Richard Bleier, Orioles bullpen handle big burden in series win over Yankees

New York — Orioles manager Buck Showalter squeezed every pitch out of his patchwork bullpen as he could over four games and 43 innings in New York, and was rewarded with three victories after his bullpen pitched 11 1/3 innings and allowed just two runs in Sunday's 8-7, 12-inning win over the Yankees.

"Two short outings and the extra inning games really challenged, and guys responded," Showalter said. "You can only do it if everybody does their job and you spread the load around and keep up with it."


After Mike Wright Jr. recorded just two outs Sunday, the Orioles finished the series with 17 innings from their starters. That meant 26 innings of relief over four days.

The bullpen responded by allowing seven runs on 18 hits, with three of those runs coming after Saturday's game was out of reach. The starring reliever both Sunday and throughout the series was left-hander Richard Bleier, who pitched three days in a row and earned the win with three shutout innings in the finale.


"Richard, because of his pitch count and the way he pitches, it's not high-effort," Showalter said. "Richard got a little, actually, better as it went on. I was telling [pitching coach] Roger [McDowell], 'You know, he kind of looks like a starter out there.' It was fun. He had a lot of fun with it."

"I told Buck I had nine years in the minor leagues, so I had nine years off," Bleier said. "I'll pitch every day the rest of the year. I really don't care. As long as I'm in the big leagues, I'm available."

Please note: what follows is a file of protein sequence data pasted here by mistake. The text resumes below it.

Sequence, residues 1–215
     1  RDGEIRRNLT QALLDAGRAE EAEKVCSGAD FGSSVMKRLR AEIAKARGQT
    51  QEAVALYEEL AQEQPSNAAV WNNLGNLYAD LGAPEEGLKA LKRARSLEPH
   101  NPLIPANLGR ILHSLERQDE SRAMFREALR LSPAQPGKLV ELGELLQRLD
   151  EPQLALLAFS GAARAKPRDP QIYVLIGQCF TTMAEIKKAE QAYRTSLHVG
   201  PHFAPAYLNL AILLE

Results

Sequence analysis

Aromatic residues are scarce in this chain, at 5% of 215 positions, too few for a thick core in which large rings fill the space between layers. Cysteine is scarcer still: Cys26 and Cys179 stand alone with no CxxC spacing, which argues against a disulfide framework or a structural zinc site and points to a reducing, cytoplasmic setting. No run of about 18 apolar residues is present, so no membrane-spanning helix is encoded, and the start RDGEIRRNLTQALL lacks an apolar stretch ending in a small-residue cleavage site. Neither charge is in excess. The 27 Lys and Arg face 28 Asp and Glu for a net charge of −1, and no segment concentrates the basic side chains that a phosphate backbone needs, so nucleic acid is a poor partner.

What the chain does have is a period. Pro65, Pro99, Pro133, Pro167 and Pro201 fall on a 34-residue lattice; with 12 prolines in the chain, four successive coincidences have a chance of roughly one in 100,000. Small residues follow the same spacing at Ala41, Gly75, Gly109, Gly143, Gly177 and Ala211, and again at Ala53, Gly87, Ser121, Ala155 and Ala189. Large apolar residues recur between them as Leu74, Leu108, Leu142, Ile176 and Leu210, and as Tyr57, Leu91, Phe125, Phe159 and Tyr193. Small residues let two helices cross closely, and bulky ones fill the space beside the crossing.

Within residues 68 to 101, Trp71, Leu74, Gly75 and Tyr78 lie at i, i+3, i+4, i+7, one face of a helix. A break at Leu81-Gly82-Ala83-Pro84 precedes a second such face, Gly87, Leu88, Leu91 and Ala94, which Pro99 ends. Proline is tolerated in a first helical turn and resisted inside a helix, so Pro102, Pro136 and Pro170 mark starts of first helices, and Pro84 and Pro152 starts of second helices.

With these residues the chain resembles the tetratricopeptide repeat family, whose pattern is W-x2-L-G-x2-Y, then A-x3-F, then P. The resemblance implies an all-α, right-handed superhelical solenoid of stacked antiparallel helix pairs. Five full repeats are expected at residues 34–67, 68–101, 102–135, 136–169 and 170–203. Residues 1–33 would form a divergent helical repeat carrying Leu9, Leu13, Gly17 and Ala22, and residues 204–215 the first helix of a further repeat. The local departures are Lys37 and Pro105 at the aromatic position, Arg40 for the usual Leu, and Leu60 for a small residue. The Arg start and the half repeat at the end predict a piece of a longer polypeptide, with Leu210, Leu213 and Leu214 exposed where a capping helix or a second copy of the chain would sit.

Showalter will hope he won't have to take him up on that, but he used all but two pitches in his eight-man bullpen to get Sunday's victory. Rule 5 draft pick Pedro Araujo backed up two shutout innings in Friday's 14-inning win by stemming the damage in the first inning and striking out five in 2 1/3 innings of relief.

"I think he kind of made everybody think, 'OK, we might just have a chance to hold them there,' " Showalter said.

Miguel Castro allowed a run on three hits and a walk in two innings, and new left-hander Tanner Scott was charged with a run in 1 2/3 innings as the Yankees drew even at 7 in the seventh inning.

But a fresh Darren O'Day stuck out two in a scoreless eighth, and Bleier worked around some drama in the 10th and a one-out double in the 11th to bring his season total to one earned run on seven hits in 8 2/3 innings.

Closer Brad Brach walked a pair and committed an error to load the bases in the 12th before starting a clever 1-2-5 double play with catcher Caleb Joseph and striking out Giancarlo Stanton to end the game.

Bleier said it wasn't too unusual for the relief corps to be called on that early, mostly because their efforts and the offense made it feel as if it was a regular game.


"In the first inning, then you just start piecing together innings like, 'OK, how are we going to get through this game?' But then it was only 5-0 and it was 5-2, 5-4 and it was like, 'All right, we're back in this game.' Then it was just situational-type baseball like any other normal game that was a one-run game. You've got to be ready, obviously."

Showalter might have to make another roster move, something that Saturday's disabled list assignment for Colby Rasmus and the ensuing eight-man bullpen with Jimmy Yacabonis and now Scott makes a bit easier to maneuver. But there's nothing wrong with the players he now has in his mind.

"These guys just don't give in," Showalter said.